“Care and concern for the environment will help reduce the fast-occurring consequences of climate change. This is a task for the state, local governments and each and every household. Also, the special responsibility of leaders of the Polish economy is to pursue the strategic goals of the state through sustainable and well-considered business practices and to support efforts aimed at adaptation to climate change and use of appropriate prevention measures.”
Climate change currently poses one of the biggest global challenges to sustainable development. According to The Global Risk Report1 published in January 2020 by the World Economic Forum, among 10 key risks for the next 10 years in terms of impact and probability of materialization, as many as 5 are related to environmental factors. Back in 2012, a similar list contained only one environmental risk.
The PZU Group acknowledges the fact that climate change and related risks will have to be taken into account in the management methods, because its impact on financial performance will be increasingly more substantial. In recent years, there has been an increase in the number of extreme weather phenomena around the world, followed by an upsurge in related costs.
Polish Insurance Association in the report “Risk climate. How prevention and insurance may reduce the impact of natural disasters on the environment?”, prepared in collaboration with Deloitte.
As one of the largest financial institutions in Poland and across Central and Eastern Europe, the PZU Group is aware of the scale of its direct and indirect impact on the economy and the natural environment through the insurance services is offers as well as through its banking and investment activities.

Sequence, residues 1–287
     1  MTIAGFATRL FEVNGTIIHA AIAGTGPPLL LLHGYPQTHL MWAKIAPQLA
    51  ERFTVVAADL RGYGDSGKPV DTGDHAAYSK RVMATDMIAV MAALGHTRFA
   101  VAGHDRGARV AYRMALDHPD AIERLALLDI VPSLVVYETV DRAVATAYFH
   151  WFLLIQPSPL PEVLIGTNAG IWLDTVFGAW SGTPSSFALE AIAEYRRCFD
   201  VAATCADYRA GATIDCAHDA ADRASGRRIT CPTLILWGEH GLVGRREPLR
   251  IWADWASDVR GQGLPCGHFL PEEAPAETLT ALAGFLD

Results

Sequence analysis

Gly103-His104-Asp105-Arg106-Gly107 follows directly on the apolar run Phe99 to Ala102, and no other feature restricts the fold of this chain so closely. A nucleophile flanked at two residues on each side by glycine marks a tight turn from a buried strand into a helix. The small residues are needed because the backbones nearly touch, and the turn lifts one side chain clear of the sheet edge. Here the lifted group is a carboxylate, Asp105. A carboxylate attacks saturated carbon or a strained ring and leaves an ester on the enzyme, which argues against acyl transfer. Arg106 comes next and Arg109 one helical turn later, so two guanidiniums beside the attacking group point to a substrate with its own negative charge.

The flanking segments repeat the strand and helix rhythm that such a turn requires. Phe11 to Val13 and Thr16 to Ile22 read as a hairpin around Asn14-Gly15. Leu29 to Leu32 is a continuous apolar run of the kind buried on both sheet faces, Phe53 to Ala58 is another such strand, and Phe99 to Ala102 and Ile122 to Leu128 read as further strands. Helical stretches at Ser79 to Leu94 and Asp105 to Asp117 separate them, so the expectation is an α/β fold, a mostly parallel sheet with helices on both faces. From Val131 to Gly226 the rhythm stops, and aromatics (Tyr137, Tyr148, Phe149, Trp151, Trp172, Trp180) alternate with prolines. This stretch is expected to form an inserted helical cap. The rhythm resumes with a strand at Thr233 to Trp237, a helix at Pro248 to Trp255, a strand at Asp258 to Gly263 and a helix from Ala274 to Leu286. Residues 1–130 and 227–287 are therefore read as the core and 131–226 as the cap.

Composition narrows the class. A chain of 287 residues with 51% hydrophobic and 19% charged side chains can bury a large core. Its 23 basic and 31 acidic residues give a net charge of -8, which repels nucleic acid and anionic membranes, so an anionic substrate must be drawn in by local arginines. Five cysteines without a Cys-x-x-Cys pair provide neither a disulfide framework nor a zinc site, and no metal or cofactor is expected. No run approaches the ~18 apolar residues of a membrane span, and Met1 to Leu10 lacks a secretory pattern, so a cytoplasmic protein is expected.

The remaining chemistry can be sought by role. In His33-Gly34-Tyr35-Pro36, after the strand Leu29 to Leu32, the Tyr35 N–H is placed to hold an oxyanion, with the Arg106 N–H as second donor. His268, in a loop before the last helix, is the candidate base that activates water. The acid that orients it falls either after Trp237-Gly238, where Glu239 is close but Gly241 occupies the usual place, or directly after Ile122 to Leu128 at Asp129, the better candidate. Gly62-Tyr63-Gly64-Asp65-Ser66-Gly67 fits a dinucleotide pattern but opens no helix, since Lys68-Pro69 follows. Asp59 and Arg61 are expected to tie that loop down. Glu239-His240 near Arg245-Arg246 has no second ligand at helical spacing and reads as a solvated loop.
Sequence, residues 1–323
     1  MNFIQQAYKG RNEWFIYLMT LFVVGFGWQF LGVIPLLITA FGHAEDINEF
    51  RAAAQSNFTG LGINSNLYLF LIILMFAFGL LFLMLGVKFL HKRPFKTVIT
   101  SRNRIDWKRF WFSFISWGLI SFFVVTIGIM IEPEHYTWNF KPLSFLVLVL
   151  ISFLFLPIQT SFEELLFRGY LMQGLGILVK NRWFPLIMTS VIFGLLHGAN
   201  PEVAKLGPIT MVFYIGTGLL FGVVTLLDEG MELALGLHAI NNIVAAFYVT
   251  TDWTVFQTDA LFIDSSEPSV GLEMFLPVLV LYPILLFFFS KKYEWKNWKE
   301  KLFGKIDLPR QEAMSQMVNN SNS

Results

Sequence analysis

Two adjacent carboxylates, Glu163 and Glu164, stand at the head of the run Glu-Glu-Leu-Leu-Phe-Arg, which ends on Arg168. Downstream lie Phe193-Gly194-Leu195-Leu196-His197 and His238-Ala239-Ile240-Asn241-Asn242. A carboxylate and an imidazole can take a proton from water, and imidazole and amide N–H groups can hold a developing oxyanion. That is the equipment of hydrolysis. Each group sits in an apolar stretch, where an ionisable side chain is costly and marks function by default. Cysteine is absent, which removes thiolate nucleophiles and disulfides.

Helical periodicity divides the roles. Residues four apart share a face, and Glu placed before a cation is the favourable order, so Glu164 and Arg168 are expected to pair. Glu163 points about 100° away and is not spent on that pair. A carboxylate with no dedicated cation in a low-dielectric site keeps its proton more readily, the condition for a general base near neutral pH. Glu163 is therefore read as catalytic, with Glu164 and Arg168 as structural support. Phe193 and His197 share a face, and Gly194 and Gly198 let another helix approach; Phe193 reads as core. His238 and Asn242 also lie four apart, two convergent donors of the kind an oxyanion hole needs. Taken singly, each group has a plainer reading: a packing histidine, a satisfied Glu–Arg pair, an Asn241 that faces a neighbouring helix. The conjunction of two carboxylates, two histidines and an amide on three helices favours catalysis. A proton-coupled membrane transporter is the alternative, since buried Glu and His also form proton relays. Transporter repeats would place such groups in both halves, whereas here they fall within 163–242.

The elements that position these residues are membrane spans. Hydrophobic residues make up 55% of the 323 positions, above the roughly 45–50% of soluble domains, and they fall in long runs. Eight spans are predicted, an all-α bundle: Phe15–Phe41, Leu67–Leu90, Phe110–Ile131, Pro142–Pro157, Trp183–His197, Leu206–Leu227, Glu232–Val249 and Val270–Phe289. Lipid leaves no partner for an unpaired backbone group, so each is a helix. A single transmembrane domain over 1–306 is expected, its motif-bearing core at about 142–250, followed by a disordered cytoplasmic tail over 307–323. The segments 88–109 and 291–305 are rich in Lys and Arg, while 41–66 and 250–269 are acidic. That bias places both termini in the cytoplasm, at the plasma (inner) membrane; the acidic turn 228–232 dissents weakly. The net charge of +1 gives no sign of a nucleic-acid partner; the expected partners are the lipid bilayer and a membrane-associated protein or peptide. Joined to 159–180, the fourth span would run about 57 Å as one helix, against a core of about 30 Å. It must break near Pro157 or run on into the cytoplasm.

Responding to the changing reporting guidelines, growing requirements and expectations of our stakeholders, investors and analysts in terms of a transparent information policy addressing the issue of preparation for climate change, in this report we describe aspects of both our direct and indirect impact on the natural environment. In accordance with Guidelines on non-financial reporting: Supplement on reporting climate-related information (2019/C 209/01), the disclosures in this report meet the double materiality perspective, namely, they contain information regarding the climate’s impact on the PZU Group’s business and the Group’s impact on the climate.
It is worth emphasizing that in its day-to-day operations the PZU Group undertakes a number of initiatives intended to ensure conscious management of its environmental impact, aiming to reduce the volume of pollutants released into the environment and lessen the consumption of natural resources. The PZU Group’s highest priority is to respond to the current needs of the Polish market and economy in accordance with EU and domestic regulations, including Poland’s Energy Policy until 2030 currently being developed and the National Plan for Energy and Climate for 2021-2030, which has been submitted to the European Commission for further consultations.
Since 2017, PZU has been a member of the United Nations Environment Programme Finance Initiative
The need to take urgent action to curb climate change was highlighted in the Paris Agreement of 20152 and in the United Nations agenda adopted in the same year, setting sustainable development goals (SDGs)3. In recent years, the European Union has been taking comprehensive steps to encourage a low-carbon economy and sustainable development, for instance by implementing the European Green Deal4 intended to ensure achievement of climate neutrality in EU countries by 2050. Moreover, in 2019, the European Commission published Guidelines on non-financial reporting, providing for the disclosure of detailed climate-related data. The Financial Stability Board has set up the Task Force on Climate-related Financial Disclosures (TCFD) the activities of which include the provision of incentives to financial institutions and enterprises to disclose information on climate-related risks and opportunities.